Thanks for the reply. My main question is whether $$\alpha_{j}$$ is a constant or not in the case I presented above:

$$J_{\frac{1}{2}}(\lambda_{j}x)=\sqrt{\frac{2}{\pi x}}sin(\lambda x)=0$$ for 0<x<a=1

$$\Rightarrow sin(\frac{\alpha_{j}x}{a})=0 \Rightarrow \alpha_{j}=j\pi$$ at x=a.

After I post this thread, I was still thinking about this and I think I start to understand this:

I want to confirm that for $$J_{\frac{1}{2}}(\lambda_{j}x)$$, $$\lambda_{j}$$ is not a constant, because $$\lambda_{j}=\frac{\alpha_{j}}{a}$$

but $$\alpha_{j}$$ is always a constant and $$\alpha_{1},\alpha_{2},\alpha_{3},\alpha_{4}.......=\pi,2\pi,3\pi,4\pi.........$$ for j=1,2,3.......no mater what the value a is.

Please let me know I am right or not.

Many thanks

Alan

4. Dec 29, 2009

### Astronuc

Staff Emeritus
I believe it is customary to apply a differential equation or partial differential equation to a particular interval, as well as the boundary conditions. In a physical system, the equation and boundary conditions reflect the physics of the problem, i.e. the differential equation reflects the behavior (or something about the behavior) of the physical system.

In the case one cited, with n = 1/2 and λ would infer the differential equation

$$\frac{d^2\phi}{dx^2}\,+\,\frac{1}{x}\frac{d\phi}{d x}\,+\big(\lambda^2\,-\,\frac{1}{4x^2}\big)\,\phi\,=\,0 ,$$

and one would apply that to $$0\,\leq\,x\,\leq\,1$$ or if one was modeling over an interval 0 to a, one would choose a transformation x = z/a, where z = 0 for x = 0, and x = 1 for z = a.

Certainly to take advantage of orthogonality, one must select the appropriate interval, e.g., $$0\,\leq\,x\,\leq\,1$$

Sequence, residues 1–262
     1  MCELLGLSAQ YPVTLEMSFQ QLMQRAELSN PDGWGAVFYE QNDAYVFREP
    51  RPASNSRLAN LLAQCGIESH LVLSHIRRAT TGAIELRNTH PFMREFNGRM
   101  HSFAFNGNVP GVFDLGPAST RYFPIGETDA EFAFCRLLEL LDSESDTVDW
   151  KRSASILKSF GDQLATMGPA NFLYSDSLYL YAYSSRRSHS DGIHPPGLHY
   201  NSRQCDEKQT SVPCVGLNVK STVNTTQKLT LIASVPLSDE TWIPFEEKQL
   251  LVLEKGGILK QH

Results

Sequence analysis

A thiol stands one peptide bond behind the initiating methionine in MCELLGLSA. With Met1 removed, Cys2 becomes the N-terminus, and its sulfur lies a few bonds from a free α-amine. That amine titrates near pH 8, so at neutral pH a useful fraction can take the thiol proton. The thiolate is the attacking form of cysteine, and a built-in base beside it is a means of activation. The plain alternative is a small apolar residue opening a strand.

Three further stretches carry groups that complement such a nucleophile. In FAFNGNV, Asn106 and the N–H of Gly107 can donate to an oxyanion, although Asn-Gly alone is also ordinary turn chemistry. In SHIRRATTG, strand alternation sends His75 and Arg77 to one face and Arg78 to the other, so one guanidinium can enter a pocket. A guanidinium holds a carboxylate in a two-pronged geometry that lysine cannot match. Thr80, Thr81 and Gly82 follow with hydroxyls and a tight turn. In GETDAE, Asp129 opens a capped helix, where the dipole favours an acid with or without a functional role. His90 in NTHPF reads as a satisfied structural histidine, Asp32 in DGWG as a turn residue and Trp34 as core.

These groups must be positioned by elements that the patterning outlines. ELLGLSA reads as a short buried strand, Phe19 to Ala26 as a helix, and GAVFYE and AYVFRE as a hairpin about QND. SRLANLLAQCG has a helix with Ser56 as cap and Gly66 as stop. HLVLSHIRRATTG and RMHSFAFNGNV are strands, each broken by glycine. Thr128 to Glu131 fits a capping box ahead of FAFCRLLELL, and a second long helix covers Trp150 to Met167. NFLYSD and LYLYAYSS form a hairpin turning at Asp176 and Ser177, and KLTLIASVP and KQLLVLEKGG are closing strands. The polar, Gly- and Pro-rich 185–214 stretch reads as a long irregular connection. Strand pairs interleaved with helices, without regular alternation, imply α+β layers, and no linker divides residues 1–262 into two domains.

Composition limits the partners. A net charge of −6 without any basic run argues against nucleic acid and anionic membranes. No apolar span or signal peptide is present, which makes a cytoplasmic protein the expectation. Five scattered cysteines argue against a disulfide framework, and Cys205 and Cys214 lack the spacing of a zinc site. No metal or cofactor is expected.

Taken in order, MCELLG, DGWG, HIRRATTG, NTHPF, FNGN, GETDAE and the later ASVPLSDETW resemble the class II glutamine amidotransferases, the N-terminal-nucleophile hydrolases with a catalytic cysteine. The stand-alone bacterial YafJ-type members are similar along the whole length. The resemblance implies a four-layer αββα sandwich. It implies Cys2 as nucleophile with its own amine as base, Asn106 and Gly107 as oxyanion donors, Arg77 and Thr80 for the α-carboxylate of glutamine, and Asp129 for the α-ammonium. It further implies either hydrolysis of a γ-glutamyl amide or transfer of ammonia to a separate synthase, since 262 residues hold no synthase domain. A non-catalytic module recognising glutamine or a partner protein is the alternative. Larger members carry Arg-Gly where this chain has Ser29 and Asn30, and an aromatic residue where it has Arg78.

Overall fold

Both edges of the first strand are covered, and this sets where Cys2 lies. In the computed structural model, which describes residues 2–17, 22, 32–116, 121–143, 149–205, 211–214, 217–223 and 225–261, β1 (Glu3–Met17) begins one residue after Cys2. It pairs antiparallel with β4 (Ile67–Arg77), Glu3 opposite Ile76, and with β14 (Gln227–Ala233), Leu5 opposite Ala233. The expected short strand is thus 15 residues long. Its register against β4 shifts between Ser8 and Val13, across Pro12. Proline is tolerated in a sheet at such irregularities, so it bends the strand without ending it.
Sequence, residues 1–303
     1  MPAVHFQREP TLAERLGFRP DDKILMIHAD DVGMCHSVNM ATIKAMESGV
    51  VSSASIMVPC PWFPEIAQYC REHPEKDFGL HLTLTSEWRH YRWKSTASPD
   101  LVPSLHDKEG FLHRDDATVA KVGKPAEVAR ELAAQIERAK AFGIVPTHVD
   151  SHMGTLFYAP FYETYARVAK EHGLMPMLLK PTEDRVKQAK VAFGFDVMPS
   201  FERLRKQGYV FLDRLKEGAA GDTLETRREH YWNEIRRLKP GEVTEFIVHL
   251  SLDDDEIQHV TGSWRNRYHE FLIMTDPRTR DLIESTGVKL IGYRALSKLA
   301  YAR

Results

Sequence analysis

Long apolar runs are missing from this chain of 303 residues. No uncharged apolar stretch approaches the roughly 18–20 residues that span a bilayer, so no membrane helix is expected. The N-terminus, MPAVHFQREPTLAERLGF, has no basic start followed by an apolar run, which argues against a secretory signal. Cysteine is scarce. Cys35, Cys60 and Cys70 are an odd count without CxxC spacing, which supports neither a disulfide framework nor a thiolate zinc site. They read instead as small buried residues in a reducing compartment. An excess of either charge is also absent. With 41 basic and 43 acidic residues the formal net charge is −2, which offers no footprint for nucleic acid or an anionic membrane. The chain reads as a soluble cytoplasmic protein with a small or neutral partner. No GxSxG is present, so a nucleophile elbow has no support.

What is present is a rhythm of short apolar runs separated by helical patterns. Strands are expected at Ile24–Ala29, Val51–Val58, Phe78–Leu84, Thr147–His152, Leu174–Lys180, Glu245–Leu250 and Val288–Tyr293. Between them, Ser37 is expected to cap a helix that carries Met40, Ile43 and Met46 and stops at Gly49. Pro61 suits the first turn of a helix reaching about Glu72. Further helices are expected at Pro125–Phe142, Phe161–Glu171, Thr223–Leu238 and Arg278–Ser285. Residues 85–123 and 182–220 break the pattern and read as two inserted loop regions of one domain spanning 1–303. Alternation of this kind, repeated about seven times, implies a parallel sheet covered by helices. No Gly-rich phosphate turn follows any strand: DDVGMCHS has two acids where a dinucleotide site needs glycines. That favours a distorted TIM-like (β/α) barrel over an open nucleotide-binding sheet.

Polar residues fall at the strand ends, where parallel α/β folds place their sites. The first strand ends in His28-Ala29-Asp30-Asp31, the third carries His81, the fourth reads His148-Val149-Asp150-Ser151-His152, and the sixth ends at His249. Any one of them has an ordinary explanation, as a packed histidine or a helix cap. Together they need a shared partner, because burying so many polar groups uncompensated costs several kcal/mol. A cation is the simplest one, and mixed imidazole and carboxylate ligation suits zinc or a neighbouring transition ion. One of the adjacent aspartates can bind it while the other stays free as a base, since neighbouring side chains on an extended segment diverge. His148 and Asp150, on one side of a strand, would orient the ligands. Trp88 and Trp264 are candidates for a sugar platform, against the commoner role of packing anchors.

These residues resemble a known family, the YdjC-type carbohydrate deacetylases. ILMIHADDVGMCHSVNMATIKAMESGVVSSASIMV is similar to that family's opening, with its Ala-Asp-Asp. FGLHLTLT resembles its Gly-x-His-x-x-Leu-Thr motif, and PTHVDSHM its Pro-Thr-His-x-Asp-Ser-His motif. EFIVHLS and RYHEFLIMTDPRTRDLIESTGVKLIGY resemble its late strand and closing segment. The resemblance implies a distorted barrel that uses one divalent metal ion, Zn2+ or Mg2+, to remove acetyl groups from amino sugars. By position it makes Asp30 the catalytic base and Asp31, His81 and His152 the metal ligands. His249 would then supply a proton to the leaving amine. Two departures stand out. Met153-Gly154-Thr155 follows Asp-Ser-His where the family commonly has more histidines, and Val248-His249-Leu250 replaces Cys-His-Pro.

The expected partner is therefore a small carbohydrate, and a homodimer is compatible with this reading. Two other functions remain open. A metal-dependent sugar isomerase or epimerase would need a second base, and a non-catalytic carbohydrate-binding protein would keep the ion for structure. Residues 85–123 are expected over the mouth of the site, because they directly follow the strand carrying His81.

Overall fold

5. Dec 30, 2009

### yungman

Thanks for the reply, I understand all that, I just want to verify:

For $$J_{\frac{1}{2}}(\alpha_{j} x)$$

$$\alpha_{1},\alpha_{2},\alpha_{3},\alpha_{4}.......=\pi,2\pi,3\pi,4\pi.........$$ for j=1,2,3.......no mater what a is as long as the boundary condition y(a)=0.

6. Dec 30, 2009

### Astronuc

Staff Emeritus
Since $$J_{\frac{1}{2}}(\lambda_{j}x)=\sqrt{\frac{2}{\pi x}}sin(\lambda x)$$

then the zeros of J1/2(x) are simply the zeros of sin x. If we use sin x to expand a function, we take $0\,\leq\,x\,\leq\,n\pi$, but if use sin (nπx) the we use $0\,\leq\,x\,\leq\,1$

To use the property of orthgonality, one must choose the appropriate interval! Review the expansion of functions in terms of sines and cosines.

In the case of J1/2(x), one would use $0\,\leq\,x\,\leq\,\alpha_j$ or if one wants to use the argument $\alpha_j x$, then use the interval $0\,\leq\,x\,\leq\,1$.

Wolfram's Mathworld uses the example for orthogonality

$$\int_0^a J_\nu\large(a_{\nu m}\frac{\rho}{a}\large) J_\nu\large(a_{\nu n}\frac{\rho}{a}\large) \rho d\rho\,=\,\frac{1}{2}a^2\,[J_{\nu+1}(a_{\mu m})]^2 \delta_{mn}$$

where $a_{\nu m}$ is the mth zero of Jν

7. Dec 30, 2009

### yungman

So $$\lambda_{j}=\frac{\alpha_{j}}{a}} \Rightarrow \alpha_{j}=\pi,2\pi,3\pi.......$$for j=0,1,2,3......Means it is a constant.

That's all I want to verify.

Thanks

8. Dec 30, 2009

### Astronuc

Staff Emeritus
Yes, one would use αjx, with x = x[0,1], or αjx/a, with x = x[0,a].

9. Dec 30, 2009

### yungman

Thanks a million, that is music in my ears, now I can move on.

Sincerely

Alan